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Gay Christian Network offers support, education

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Justin Lee

Justin Lee

Todd Cohen

RALEIGH, N.C. — In 1994, asked by friends about a pamphlet six students at Enloe High School in Raleigh had circulated encouraging tolerance after other students displayed an anti-gay poster, student Justin Lee told friends that while he did not support the poster’s hateful language, he also did not support the pamphlet because homosexuality was a sin.

Today, Lee heads the Gay Christian Network, a Raleigh-based nonprofit he founded that provides support for its 13,000 members throughout the U.S. and abroad and for Christians and parents wrestling with issues involving faith and sexuality.

The organization publishes a website that features an online support community with over 100 discussion forums; sponsors an annual conference and local discussion groups throughout the world; and broadcasts a weekly internet radio program known as GCN Radio, and a toll-free support-and-information hotline at 1-888-GAY-4-GOD.

In January, the Gay Christian Network released “Through My Eyes,” a 45-minute documentary it produced in DVD format.

And in June, the group was a winner in a national campaign sponsored by GreatNonprofits to promote nonprofits throughout the United States that focus on lesbian, gay, bisexual and transgender issues.

Lee, who grew up in Raleigh in what he characterizes as a “very conservative Southern Baptist home,” says the Gay Christian Network grew out of his own struggle to reconcile his faith and his sexuality.

Having been raised to believe that “gay people choose to become gay, that it’s a sinful choice, that god wants gay people to repent and become straight,” Lee says, he wrestled as a teenager with the “deep dark secret” that he was attracted to males.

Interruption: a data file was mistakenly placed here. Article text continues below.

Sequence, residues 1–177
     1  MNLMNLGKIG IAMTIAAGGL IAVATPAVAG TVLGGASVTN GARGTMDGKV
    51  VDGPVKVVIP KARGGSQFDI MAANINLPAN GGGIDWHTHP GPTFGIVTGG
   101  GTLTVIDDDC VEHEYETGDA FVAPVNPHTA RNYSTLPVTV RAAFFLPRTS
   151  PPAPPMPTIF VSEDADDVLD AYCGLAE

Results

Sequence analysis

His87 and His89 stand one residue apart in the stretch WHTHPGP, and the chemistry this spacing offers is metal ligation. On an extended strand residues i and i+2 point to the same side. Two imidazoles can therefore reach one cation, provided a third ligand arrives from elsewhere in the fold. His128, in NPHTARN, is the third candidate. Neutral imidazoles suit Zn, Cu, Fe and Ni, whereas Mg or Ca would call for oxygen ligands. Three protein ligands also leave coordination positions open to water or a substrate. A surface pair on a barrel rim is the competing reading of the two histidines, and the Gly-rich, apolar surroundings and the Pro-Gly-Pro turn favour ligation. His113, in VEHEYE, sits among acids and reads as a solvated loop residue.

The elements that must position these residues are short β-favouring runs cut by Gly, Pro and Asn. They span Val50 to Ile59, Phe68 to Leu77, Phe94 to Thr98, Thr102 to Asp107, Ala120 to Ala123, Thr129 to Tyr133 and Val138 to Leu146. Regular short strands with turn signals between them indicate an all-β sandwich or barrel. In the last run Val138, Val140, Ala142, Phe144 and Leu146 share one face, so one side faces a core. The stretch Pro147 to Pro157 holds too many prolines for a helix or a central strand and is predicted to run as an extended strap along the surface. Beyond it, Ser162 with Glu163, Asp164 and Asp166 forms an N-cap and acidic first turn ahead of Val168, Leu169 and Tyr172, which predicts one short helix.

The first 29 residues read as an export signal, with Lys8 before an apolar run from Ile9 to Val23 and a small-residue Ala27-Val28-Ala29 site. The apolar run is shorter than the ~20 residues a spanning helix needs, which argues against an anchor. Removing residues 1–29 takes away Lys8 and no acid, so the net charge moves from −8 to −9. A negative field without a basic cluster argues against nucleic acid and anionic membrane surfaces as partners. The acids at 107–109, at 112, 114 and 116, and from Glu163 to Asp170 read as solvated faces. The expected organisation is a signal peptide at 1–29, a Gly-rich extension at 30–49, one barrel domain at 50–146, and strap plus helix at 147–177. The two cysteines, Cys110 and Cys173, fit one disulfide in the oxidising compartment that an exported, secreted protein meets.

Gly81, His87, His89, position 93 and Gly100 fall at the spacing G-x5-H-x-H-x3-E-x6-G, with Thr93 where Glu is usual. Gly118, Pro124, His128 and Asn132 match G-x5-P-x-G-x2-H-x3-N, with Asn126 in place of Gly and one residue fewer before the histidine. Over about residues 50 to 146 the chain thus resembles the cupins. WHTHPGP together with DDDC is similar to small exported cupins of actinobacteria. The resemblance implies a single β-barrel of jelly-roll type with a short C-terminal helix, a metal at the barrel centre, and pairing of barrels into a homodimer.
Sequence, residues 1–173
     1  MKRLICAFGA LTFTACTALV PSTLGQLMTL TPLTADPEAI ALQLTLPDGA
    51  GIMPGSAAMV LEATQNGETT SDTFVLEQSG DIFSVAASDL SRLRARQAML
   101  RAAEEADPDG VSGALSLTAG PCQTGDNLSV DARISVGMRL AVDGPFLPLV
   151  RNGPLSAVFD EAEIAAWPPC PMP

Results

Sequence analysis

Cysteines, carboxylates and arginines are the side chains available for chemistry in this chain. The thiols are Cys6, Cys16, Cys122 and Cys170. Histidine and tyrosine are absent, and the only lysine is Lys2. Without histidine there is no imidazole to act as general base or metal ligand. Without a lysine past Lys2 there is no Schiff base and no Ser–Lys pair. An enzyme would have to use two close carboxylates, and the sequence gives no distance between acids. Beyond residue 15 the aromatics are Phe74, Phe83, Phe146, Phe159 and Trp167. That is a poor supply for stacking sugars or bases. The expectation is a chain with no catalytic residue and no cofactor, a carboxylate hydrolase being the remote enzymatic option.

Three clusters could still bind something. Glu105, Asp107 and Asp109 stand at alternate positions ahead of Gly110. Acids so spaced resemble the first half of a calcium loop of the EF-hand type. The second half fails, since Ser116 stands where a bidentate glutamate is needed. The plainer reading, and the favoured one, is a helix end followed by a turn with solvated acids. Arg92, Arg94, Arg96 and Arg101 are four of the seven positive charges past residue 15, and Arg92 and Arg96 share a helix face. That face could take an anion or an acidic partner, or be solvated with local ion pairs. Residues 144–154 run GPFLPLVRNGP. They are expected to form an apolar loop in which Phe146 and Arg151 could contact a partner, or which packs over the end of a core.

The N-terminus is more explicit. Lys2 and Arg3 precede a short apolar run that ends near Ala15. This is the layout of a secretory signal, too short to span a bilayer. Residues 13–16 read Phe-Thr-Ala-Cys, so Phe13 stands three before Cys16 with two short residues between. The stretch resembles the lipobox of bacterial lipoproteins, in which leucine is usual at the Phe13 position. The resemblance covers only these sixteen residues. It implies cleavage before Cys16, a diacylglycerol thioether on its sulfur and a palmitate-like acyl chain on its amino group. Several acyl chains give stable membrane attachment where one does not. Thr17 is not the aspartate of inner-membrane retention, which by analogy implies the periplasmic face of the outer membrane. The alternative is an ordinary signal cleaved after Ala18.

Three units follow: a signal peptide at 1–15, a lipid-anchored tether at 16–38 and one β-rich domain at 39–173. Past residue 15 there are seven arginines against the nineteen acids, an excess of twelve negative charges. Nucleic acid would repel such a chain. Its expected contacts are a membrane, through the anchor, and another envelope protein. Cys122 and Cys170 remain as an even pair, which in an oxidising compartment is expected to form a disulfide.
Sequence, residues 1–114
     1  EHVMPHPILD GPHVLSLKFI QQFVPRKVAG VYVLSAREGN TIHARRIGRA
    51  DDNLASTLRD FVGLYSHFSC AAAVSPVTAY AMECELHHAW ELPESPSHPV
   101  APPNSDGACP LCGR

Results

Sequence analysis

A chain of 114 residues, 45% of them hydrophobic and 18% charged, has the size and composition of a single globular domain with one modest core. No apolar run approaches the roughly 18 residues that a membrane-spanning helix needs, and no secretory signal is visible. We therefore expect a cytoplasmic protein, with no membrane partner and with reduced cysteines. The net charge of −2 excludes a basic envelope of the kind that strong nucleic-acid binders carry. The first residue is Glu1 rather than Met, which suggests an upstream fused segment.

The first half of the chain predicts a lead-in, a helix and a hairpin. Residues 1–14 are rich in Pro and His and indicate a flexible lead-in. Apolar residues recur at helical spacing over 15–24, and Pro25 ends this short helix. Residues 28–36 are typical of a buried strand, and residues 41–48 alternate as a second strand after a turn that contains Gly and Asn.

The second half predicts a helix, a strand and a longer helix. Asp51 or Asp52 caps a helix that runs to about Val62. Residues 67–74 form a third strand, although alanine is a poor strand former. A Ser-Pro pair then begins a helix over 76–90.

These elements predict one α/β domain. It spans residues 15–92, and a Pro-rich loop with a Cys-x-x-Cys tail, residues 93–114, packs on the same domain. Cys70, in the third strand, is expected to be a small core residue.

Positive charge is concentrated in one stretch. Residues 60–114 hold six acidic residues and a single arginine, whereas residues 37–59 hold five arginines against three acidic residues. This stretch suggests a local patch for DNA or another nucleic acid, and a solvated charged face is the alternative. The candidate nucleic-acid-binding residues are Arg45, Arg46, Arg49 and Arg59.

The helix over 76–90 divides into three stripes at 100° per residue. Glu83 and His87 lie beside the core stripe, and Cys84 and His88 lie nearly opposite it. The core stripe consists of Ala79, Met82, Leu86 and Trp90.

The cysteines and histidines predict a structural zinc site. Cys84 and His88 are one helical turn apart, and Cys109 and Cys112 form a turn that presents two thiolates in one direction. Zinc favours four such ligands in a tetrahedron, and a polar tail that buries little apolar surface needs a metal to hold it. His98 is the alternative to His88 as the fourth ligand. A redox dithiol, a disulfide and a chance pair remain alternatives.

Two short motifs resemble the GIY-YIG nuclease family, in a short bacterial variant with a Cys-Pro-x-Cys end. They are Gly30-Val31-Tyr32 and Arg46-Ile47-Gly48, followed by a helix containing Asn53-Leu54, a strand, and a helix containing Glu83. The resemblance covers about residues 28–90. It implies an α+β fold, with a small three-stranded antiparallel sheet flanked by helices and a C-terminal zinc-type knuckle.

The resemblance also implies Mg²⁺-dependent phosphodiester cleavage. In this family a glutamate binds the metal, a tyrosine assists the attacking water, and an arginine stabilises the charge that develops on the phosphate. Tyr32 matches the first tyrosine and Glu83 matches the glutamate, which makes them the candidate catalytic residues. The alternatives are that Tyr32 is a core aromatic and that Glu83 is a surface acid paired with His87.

“I dated girls, considered myself straight, but I never was sexually attracted to women, as hard as I tried to be, as much as I cared about the girls I dated,” he says. “I was attracted to other guys, and I tried my best not to think about it.”

While admitting to himself his senior year that he was gay, he still believed “that being gay was a matter of choice, and I certainly did not choose to be gay, I had chosen to be straight, and thought being gay was a sin,” he says. “As a Christian, I didn’t know how to respond.”

Lee attended Wake Forest University, where he studied psychology and created a personal home page that initially served as a vehicle for him to tell the story of his personal struggle to other Christians.

After he graduated in 2000, he launched gaychristian.net, a website that initially provided information on the topic of faith and sexuality.

He added a message board to the site a year later, envisioning the site as a support community for people who had accepted themselves as gay, as well as for gay people still struggling with their sexuality.

In 2003, he incorporated the organization as a nonprofit and renamed it the Gay Christian Network.

Operating with a staff of four people and an annual budget of $200,000, all of it donated by individuals, the group has hired an independent contractor to develop a fundraising strategy to diversify its base of support.

The group is developing materials for churches, a database of gay-friendly churches, and print materials for parents.

“I no longer see being gay as a bad thing,” says Lee, who frequenlty speaks in churches and to college groups.

The Gay Christian Network, he says, aims “to change hearts and minds in the church, and to provide support to parents and to pastors as they are wrestling with these issues in their own families and congregations.”

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